Forestry Certifications – Legitimacy, sustainability, or both?
At the economics faculty of the University of Jena, a master’s thesis has been written that sees the forest certificates as the Forest Stewardship Council (FSC) or the Programme for Endorsement of Forest Certification Schemes (PEFC) from a completely new angle.
Institutions such as the FSC or PEFC claim to certify the sustainable management of the forest and the chain of custody from forest to finished furniture. These certificates are analyzed using the neoinstitutional theory. It states that companies just adopt institutions in their structures in order to obtain legitimacy and credibility. To test this hypothesis on the basis of forest certificates, the institutionalization process of the forestry certificates is first presented. Based on this, is examined by expert interviews, why organizations do deal with the forest certification and to what extent the actual activities of the organizations are decoupled from the guidelines of the certificates.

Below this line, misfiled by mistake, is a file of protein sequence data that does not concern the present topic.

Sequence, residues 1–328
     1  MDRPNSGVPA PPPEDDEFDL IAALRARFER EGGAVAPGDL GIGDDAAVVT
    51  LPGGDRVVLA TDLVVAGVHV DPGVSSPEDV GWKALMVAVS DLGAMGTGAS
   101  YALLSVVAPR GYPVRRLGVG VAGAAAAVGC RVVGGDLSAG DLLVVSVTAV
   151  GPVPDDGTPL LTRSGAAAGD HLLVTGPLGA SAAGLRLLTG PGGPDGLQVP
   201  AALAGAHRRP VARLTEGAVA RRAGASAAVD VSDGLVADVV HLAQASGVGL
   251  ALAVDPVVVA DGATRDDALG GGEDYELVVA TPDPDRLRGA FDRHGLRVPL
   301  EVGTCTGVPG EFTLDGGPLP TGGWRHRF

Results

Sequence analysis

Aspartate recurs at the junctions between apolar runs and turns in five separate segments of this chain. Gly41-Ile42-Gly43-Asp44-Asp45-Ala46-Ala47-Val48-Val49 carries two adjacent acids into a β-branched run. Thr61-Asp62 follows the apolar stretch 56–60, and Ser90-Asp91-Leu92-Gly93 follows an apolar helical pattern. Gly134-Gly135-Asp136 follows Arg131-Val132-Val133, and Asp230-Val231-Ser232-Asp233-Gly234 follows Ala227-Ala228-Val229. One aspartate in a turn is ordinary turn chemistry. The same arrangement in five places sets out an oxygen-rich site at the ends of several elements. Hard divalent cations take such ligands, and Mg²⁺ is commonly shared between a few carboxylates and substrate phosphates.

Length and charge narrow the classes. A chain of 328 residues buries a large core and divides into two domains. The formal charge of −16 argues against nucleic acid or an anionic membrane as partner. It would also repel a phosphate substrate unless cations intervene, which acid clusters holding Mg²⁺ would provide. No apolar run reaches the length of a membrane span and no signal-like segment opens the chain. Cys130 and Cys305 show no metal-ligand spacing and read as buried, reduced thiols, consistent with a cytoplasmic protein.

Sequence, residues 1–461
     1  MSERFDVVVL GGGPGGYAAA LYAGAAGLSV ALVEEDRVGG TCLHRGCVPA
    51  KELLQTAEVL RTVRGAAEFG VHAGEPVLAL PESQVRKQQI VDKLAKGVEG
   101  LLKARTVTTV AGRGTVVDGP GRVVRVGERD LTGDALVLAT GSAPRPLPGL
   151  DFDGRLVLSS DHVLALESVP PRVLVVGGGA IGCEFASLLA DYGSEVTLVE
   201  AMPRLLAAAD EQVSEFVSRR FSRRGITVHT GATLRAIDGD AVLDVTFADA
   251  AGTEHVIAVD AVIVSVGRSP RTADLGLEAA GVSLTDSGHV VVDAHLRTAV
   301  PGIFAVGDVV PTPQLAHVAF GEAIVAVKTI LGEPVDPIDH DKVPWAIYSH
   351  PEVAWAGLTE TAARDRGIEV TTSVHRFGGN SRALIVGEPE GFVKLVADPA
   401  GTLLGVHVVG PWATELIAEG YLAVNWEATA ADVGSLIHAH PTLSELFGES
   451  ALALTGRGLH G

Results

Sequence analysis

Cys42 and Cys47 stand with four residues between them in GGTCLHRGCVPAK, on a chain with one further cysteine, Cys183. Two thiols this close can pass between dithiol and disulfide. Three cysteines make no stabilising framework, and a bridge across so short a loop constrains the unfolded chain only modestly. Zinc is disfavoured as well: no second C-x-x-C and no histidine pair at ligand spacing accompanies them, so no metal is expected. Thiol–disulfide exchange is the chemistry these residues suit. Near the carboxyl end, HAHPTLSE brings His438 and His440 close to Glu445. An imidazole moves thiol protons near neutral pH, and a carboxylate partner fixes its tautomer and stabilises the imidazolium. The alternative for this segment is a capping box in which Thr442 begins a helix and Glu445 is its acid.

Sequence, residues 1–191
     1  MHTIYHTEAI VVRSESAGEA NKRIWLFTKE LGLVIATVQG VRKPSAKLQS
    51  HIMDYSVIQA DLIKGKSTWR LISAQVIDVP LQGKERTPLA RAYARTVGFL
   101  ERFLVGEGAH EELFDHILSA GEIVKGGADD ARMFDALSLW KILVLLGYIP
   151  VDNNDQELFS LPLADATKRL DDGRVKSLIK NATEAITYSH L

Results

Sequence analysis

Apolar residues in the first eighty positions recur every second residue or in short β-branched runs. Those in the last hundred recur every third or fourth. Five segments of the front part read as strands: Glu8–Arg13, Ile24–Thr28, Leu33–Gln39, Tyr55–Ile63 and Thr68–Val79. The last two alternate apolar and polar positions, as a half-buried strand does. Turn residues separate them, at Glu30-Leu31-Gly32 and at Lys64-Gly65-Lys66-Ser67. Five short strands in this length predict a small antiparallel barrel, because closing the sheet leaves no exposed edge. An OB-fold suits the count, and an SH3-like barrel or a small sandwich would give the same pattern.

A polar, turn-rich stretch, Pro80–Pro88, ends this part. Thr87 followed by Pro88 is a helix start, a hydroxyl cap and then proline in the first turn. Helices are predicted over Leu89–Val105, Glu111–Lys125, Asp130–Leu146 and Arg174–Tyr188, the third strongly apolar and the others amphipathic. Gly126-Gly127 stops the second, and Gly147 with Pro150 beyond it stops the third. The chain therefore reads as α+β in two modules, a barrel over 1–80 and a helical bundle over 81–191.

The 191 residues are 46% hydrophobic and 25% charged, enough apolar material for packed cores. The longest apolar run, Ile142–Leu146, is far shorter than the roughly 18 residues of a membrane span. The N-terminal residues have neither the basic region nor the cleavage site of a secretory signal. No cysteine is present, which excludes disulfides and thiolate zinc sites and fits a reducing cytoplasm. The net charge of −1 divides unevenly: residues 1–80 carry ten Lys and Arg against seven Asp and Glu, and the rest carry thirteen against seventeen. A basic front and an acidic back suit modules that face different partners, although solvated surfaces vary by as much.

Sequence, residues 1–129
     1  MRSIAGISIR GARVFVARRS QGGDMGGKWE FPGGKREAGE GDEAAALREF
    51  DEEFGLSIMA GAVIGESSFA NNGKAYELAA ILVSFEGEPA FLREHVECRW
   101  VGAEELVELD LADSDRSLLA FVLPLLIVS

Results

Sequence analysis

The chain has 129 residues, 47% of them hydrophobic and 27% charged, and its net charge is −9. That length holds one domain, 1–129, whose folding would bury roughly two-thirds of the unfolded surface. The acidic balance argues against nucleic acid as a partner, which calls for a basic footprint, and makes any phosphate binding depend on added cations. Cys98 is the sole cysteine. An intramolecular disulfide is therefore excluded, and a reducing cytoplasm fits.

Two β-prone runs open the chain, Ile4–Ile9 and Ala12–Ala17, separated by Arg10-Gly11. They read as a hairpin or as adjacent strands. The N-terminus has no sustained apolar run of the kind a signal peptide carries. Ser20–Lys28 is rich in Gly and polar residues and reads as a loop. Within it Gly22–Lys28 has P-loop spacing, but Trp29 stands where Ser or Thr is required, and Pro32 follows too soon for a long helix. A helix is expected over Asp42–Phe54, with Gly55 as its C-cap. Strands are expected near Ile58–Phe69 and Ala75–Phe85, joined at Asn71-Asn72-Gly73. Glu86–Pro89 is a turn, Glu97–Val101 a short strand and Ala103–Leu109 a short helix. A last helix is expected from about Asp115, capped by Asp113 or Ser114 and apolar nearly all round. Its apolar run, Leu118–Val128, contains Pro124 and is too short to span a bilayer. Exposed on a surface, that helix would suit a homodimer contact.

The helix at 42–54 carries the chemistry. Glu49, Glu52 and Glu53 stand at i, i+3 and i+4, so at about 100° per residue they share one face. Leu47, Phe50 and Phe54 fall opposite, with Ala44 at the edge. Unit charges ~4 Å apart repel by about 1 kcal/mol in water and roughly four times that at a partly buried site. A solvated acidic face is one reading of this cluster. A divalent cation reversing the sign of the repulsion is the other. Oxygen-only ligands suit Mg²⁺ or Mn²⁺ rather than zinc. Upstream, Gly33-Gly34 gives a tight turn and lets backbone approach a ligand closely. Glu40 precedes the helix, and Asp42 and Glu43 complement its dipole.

Based on the forest certificates can be confirmed that organizations deal with certificates such as FSC or PEFC to obtain legitimacy and credibility. The decoupling could not be detected in the area of the German Forest, since the local legislation imposes virtually all the policies that the certificates require. In the furniture industry, the decoupling is possible, however, because the certificates require that only one product line is certified, even though the entire company may advertise the certificate.
I received from the author the right that this master thesis can be downloaded here.